The current situation is unprecedented in other respects: not in the past century has the United States faced a competitor with an economy as large as ours, growing much faster than ours, with the aim of ousting us as the world’s leading power.

The cause of the 2008 crisis was the excessive expansion of leverage to homeowners and businesses. I was among a small minority of economists who predicted this crisis.

Federal debt was 60% of GDP in 2008, excluding Medicare and Social Security unfunded liabilities. By the end of 2020, federal debt as a percentage of GDP had more than doubled to 130%. The Federal Reserve owned only $ 1 trillion in securities in 2008. The US government debt remained a safe haven. After Lehman Brothers went bankrupt in September 2008, the yield on 30-year US Treasuries fell from 4.7% to 2.64% as private investors bought Treasuries as a haven.

The treasury: not a refuge, but a cause of the crisis

Today, the US financial market is the weak link in the financial system, supported only by the monetization of debt by the central bank. If the extreme fiscal waste of the Biden administration causes private investors to leave the treasury market, there will be no safe assets in the dollar financial markets. The effects would be extremely difficult to control

The vast majority of over-the-counter (privately traded) derivative contracts serve as interest rate hedges. Market participants typically pledge Treasury bills as collateral for these contracts. According to the Bank for International Settlements, the face value of such contracts now exceeds $ 600 trillion. Derivative contracts carry some market risk, and banks only enter into them with customers who want to hedge interest rate positions if the customers provide collateral (such as the cash margin on a stock bought on credit) (see Figure 5). The market value (after offsetting against matching contracts that cancel each other out) is approximately $ 15 trillion. If Treasury note prices drop sharply, it will result in a global margin call on the derivatives market, forcing large amounts of positions to be liquidated.

Something like this happened between March 6 and March 18, 2020, when the yield on US Treasury Inflation-Linked Securities (TIPS) rose from around 0.6% to 0.6% in two weeks. The COVID-19 crash triggered a cash jam at American banks as U.S. corporate borrowers used their credit lines. US banks, in turn, have cut lines of credit for European and Japanese banks, which have been forced to withdraw funds from their customers for currency hedging for holdings of US Treasuries. Customers in turn liquidated US Treasury securities and the treasury market crashed. This was the first time a financial market crash coincided with a stock market crash: instead of acting as a haven for crises, the US financial market became the epicenter of the crisis.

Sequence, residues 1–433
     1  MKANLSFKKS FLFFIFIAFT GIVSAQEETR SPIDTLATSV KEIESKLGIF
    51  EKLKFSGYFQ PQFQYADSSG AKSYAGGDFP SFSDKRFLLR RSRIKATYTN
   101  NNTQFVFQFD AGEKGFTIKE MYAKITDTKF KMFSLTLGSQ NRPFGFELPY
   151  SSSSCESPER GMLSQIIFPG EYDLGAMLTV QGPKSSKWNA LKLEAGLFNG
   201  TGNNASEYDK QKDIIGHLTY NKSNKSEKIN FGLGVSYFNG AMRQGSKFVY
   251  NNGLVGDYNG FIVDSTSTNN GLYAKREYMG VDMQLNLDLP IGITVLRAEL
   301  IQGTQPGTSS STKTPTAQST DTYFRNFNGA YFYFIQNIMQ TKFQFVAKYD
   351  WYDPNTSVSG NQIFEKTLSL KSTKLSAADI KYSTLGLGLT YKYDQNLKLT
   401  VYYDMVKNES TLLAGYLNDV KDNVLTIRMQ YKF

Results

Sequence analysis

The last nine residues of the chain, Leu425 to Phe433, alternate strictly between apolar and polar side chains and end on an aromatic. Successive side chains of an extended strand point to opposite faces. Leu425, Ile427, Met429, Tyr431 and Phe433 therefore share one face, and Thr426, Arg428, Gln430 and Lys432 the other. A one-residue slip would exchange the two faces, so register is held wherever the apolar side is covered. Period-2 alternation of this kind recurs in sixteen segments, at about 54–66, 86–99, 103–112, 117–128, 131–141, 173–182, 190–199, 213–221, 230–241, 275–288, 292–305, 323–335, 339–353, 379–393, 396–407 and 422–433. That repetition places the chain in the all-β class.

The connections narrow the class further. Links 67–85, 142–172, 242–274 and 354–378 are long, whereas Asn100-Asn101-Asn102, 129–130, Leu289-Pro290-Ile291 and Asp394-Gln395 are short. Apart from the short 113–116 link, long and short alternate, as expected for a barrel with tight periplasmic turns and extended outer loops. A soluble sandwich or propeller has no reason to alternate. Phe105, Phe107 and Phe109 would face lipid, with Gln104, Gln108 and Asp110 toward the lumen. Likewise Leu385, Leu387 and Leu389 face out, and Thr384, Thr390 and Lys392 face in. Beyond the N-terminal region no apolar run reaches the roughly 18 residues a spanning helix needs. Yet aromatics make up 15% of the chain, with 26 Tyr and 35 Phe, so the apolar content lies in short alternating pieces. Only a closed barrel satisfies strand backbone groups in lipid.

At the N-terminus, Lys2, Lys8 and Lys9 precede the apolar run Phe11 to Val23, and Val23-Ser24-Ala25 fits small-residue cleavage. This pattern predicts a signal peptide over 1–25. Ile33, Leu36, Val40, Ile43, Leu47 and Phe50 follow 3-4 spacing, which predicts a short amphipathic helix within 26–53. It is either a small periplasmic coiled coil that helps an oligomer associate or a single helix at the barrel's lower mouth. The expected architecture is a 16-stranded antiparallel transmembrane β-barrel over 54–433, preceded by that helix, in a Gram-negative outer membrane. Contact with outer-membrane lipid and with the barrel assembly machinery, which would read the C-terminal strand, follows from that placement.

The Federal Reserve quickly stabilized the market through massive treasury purchases and by extending dollar swap lines to European central banks, restoring dollar liquidity to its customers. These emergency measures were justified by the extraordinary circumstances of March 2020: an external shock, namely the COVID-19 pandemic, the financial markets, and the central bank were responsible for expanding liquidity into the market. The Federal Reserve and the Biden Administration are now proposing to extend these emergency measures to a persistent surge in demand. The consequences will be dire.

The current situation is unprecedented in other respects: not in the past century has the United States faced a competitor with an economy as large as ours, growing much faster than ours, with the aim of ousting us as the world’s leading power. China believes America’s fiscal irresponsibility will undermine the dollar’s status as a world reserve currency.

Here’s what Professor Bai Gang of Fudan University told the Observer, a news site close to the Chinese State Council:

Put simply, the United States has issued a massive amount of currency this year, which has given the US economy, which has been severely or partially stalled due to the COVID-19 epidemic, a certain kind of survivability. On the one hand it must be recognized that this method. . . is very effective. . . . The US stock market reached another record high.

I would like to stress, however, that this approach is at the expense of the future effectiveness of the dollar lending system. You don’t get the benefit without paying the necessary costs.

A hegemonic country can maintain its currency hegemony for a certain period of time even after the loss of national hegemony. After Britain lost its global hegemony in at least the 1920s and 1930s, the pound sterling still retained its function as the world’s most important payment method for currencies. To some extent, the hegemony of the US dollar is stronger than any currency before it. . . .

We see that the US dollar will remain the most important national currency in the international payment system for a long time after the end of US hegemony. Since this year, the US has been issuing more and more currencies to improve the internal situation. The pressure will ultimately seriously damage the status of the US dollar as a core currency in the international payments system.

America has tremendous power, but the Biden Administration and the Federal Reserve are abusing it. And China is waiting for the next crisis to assert its primacy in the world economy.